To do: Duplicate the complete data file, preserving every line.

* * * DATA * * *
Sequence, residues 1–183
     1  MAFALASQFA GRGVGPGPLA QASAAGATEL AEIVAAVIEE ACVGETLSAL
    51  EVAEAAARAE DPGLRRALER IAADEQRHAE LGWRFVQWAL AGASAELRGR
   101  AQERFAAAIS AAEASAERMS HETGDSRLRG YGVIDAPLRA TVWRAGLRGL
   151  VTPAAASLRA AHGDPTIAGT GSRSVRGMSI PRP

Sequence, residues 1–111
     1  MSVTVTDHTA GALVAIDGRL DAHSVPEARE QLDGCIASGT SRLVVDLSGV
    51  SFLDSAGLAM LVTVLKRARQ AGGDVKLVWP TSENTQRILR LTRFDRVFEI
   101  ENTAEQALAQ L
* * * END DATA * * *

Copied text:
Sequence, residues 1–183
     1  MAFALASQFA GRGVGPGPLA QASAAGATEL AEIVAAVIEE ACVGETLSAL
    51  EVAEAAARAE DPGLRRALER IAADEQRHAE LGWRFVQWAL AGASAELRGR
   101  AQERFAAAIS AAEASAERMS HETGDSRLRG YGVIDAPLRA TVWRAGLRGL
   151  VTPAAASLRA AHGDPTIAGT GSRSVRGMSI PRP

Sequence, residues 1–111
     1  MSVTVTDHTA GALVAIDGRL DAHSVPEARE QLDGCIASGT SRLVVDLSGV
    51  SFLDSAGLAM LVTVLKRARQ AGGDVKLVWP TSENTQRILR LTRFDRVFEI
   101  ENTAEQALAQ L